Mr Tilly’s biggest obsession is, without a doubt, chasing butterflies and chasing the shadows of butterflies. If the suns out, so are the butterflies, and so is Tills. Only it’s more than just a simple obsession, more like an obsessive, compulsive disorder, but perhaps all dogs are a little bit OCD.
He’s over three now. We’d hoped he would grow out of chasing butterflies and shadows, but I don’t think that’s about to happen any time soon. He’s funny and cute to watch him on his sentry duty when at home, but a real worry if we take him to the beach during the day. The butterflies hang out in the low dunes, so that’s where he heads to. He knows just where they’ll be, and he darts around trying to make them take flight. He has no interest in catching them I’m sure, it’s just the thrill of the chase he loves. I doubt if he’d take any notice of the snakes that also inhabit the low sand dunes, but I suspect they wouldn’t take kindly to him trampling on their terrain at a million miles an hour when in hot pursuit.
We’ve tried all of the training tricks to keep him down by the water with us, or to get him to come back to us if he sees a butterfly. Early in the morning, (which is the time he mainly gets his beach walks) there is no problem. The butterflies are still sleeping I guess, but in the heat of the day, they’re happily flitting from plant to plant, and he knows it. No reward is greater than the reward of chasing butterflies, so we can’t offer him anything that will tempt him away. As soon as he sees one he goes totally deaf to anything and everyone. With absolute tunnel vision, he zeros in on his target. First the butterfly, which quickly flits out of reach, then it’s shadow which dances here, there and everywhere.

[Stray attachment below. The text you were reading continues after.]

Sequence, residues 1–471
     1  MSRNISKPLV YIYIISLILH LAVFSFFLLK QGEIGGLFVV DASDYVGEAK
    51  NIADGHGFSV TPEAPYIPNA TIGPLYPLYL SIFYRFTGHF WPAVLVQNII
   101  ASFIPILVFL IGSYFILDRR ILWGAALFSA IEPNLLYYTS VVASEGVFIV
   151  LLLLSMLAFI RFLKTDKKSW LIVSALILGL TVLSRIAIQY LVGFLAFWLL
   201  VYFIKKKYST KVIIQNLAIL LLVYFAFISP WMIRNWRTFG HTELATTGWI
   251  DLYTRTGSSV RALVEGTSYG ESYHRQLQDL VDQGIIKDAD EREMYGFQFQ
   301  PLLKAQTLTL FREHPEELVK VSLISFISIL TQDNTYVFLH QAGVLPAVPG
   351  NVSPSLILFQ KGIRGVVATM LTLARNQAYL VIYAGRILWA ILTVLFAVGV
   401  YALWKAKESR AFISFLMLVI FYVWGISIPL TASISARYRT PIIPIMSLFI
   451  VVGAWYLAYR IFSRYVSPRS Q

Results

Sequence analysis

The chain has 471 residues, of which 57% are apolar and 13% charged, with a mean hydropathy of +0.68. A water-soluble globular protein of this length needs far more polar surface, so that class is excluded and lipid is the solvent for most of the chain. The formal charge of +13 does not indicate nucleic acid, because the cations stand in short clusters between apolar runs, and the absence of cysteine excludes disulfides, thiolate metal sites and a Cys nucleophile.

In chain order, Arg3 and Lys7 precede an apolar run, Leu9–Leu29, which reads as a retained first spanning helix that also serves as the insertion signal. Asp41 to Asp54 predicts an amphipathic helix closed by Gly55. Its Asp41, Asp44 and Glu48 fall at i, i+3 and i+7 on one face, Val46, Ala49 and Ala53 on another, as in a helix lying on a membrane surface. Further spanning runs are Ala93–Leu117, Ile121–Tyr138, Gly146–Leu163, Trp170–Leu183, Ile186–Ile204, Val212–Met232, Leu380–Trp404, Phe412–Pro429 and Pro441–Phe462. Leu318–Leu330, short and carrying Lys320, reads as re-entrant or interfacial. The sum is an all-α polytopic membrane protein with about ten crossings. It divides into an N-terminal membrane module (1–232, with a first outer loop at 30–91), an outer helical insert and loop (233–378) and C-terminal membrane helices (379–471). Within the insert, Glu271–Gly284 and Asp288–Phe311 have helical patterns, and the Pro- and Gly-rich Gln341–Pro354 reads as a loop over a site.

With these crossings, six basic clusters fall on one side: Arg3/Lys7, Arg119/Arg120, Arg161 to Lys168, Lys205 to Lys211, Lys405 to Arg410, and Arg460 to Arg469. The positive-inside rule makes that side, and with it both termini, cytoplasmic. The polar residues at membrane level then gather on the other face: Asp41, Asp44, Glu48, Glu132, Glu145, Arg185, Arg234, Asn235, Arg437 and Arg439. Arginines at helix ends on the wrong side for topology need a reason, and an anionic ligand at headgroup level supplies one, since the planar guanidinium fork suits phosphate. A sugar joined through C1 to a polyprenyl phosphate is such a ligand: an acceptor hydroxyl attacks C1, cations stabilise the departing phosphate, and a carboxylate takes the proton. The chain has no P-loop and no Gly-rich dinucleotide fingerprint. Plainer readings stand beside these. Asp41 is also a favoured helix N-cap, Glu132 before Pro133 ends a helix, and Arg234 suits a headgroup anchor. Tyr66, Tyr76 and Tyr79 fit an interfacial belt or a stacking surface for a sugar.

We tried to stop him chasing them at home, figuring it was best to make the game completely taboo for him. We tried all last summer, and again at the beginning of this summer season. We had thought that a winter without butterflies and that magic third birthday in July, was going to see him turn into a dog ‘far to mature’ for such puppyish pursuits. No such luck!
I was considering calling in Dr Harry or a local equivalent, but then I really watched him in the back garden. His back straight, as he sits up on high alert, going from one shady place to another, his head quickly turning from side to side. Five minutes, ten minutes, fifteen, maybe more, like a disciplined soldier on watch, he remains hypo alert and vigalent. He sees them as soon as they dare to pop over the fence, then he gets up, ready to give chase. He lets them get down near the plants then off he springs, darting in and out around the roses and plants with the agility of a panther, They quickly fly up out of his reach leaving just their shadow dancing before him on the ground. He switches from chasing them to chasing their dancing shadows until they disappear again over the fence again, taking their shadows with them. Then back under the clothes line he goes to await the next brave intruder.
It might be half an hour between butterflies, but he never gives up. His favourite place to watch from is in the shade of washing hanging on the clothes line. He’ll sit there for about ten minutes before changing his vantage point. He’ll try under the baskets of strawberries, then the lawn. That gets to hot, so he’ll move between the garden plants, then back to the clothes line again.